|"24 Hours A Day" & "God Calling"|
FROM GLENN C. (South Bend, Indiana)
Richmond Walker did not originally intend to write a meditational book. He wrote down a large number of meditations on small cards which he carried in his pocket, just for his own use when he was praying and meditating. Some of the other A.A. members in Daytona Beach, Florida, began reading some of the little cards and begged him to print them up in a little book for the A.A. groups in their part of Florida. They used the printing press in the county courthouse, and Rich distributed them from his basement.
For the small print sections at the bottom of each page in Twenty-Four Hours a Day, Richmond Walker drew heavily on a book he had discovered, entitled God Calling by Two Listeners, which had been edited and published by A. J. Russell, one of the most famous Oxford Group authors. God Calling had an interesting origin. One of the two women (whose names are unknown to this day) explained in an introduction how they were inspired to begin their spiritual exploration:
"In the autumn of 1932, I was sitting in the lounge of a hotel when a visitor, quite unknown, crossed over and handing me a copy of For Sinners Only asked if I had read it. I answered no, and she left it with me. On returning home, I bought a copy for myself. I was curiously affected by the book and .... there came a persistent desire to try to see whether I could get guidance such as A. J. Russell reported, through sharing a quiet time with the friend with whom I was then living. She was a deeply spiritual woman with unwavering faith in the goodness of God and a devout believer in prayer, although her life had not been an easy one. I was rather skeptical, but, as she had agreed, we sat down with pencils and paper in hand and waited .... To this day, I cannot obtain guidance in this way alone. But with my friend a very wonderful thing happened. From the first, beautiful messages were given to her by our Lord Himself, and every day from then these messages have never failed us ....”
"Certainly we were not in any way psychic or advanced in spiritual growth, but ordinary human beings who had more suffering and worry than the majority and who had known tragedy after tragedy. [And yet] always, and this daily, He insisted that we should be channels of love, joy, and laughter in His broken world ....”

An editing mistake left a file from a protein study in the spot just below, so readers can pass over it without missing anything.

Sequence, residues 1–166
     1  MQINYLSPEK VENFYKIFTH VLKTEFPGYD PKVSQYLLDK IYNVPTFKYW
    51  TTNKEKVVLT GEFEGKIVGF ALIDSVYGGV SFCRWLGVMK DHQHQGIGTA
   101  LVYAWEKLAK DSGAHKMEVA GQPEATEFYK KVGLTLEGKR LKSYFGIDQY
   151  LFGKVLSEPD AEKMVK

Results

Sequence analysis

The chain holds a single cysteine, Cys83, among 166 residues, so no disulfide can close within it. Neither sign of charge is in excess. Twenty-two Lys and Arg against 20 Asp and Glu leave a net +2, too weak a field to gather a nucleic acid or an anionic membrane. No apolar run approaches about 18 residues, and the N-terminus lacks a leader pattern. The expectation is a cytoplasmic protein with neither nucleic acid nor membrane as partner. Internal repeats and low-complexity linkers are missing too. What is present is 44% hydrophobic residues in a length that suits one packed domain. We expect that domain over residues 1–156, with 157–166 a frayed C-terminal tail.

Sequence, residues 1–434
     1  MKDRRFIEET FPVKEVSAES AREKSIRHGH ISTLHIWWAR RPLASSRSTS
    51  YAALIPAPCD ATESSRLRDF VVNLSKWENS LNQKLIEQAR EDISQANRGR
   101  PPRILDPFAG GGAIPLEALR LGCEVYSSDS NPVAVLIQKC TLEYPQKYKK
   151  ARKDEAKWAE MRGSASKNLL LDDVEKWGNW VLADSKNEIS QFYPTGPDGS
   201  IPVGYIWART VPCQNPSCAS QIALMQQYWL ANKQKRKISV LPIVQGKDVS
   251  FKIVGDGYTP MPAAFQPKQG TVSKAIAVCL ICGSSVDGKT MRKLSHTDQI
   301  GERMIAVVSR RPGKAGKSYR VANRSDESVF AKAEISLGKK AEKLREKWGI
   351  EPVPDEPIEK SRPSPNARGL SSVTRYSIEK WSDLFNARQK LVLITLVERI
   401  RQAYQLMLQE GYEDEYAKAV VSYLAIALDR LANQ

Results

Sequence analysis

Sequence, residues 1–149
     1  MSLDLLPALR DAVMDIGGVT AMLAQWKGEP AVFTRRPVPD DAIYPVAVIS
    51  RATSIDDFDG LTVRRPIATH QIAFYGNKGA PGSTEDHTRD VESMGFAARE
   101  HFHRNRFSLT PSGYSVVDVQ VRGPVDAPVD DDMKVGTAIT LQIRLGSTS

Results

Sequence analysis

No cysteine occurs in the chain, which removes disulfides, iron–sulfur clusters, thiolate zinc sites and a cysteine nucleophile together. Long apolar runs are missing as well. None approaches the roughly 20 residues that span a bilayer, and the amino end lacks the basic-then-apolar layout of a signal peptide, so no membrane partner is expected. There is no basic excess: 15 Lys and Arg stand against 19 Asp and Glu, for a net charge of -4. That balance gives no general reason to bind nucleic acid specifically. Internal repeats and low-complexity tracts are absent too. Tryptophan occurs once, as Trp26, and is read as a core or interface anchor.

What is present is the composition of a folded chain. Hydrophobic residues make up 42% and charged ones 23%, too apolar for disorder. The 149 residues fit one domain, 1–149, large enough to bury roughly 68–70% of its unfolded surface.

"We, or rather I, found this command difficult to obey; to others it might have been simple. Were we to laugh, to cheer others, to be always joyful when our days were pain-racked and our nights tortured by chronic insomnia, when poverty and almost insupportable worry were our daily portion ...? Still came this insistent command to love and laugh and bring joy to the lives we contacted. Disheartened, one of us would gladly have ceased the struggle and passed on to another and happier life .... [Yet] He encouraged us daily .... Continually He exhorted us not to lose heart and spoke of the joy that the future held for us .... He stressed, most strongly of all, the immense power given to two souls praying together in close union and at one in their desire to love and serve Him."
This was the kind of message that could actually speak to struggling, tormented alcoholics. Richmond Walker decided to take it and use it freely in the small print sections in each day's meditation in his own compilation. He had to shorten the work enormously, and eliminate references to calling on the name of Jesus or contemplating Christ on the cross. Instead of prayers to Jesus, he turned it all into prayers to God instead, which was very, very important in the A.A. context. He clarified passages that were difficult to understand, and often almost totally rewrote the material.
He also added copious material of his own which was vitally important, explaining what the concept of a higher power was really about, for the help of alcoholics who literally did not have the foggiest idea of what was actually meant by the word God.
Perhaps the best way of summing up what Rich actually did would be as follows: God Calling was a nice little work of early twentieth-century Protestant piety, replete with the sentiments of the popular hymns from that period, hymns like "I walk in the garden with Him, while the dew is still on the roses, and the voice I hear, whispering in my ear, the Son of God discloses." God Calling is still one of the five or six top sellers in Christian bookstores (Protestant bookstores anyway). It was deeply moving in many places, but not truly exceptional -- or not in the sense of Rich’s adaptation. Rich remolded it, reshaped it, added copiously and cut away equally vigorously, and came out with what I regard as one of the ten or fifteen true classics of spiritual literature -- a masterpiece, measured by the standards of the past three or four thousand years, and including both eastern and western spiritual writings.
I have seen more people make more progress more quickly, by using Twenty-Four Hours a Day, than I have observed with any other meditational book in use in the English-speaking world today. (I do not have the same kind of knowledge of the kinds of meditational books currently available in German, French, Spanish, Italian, etc.)
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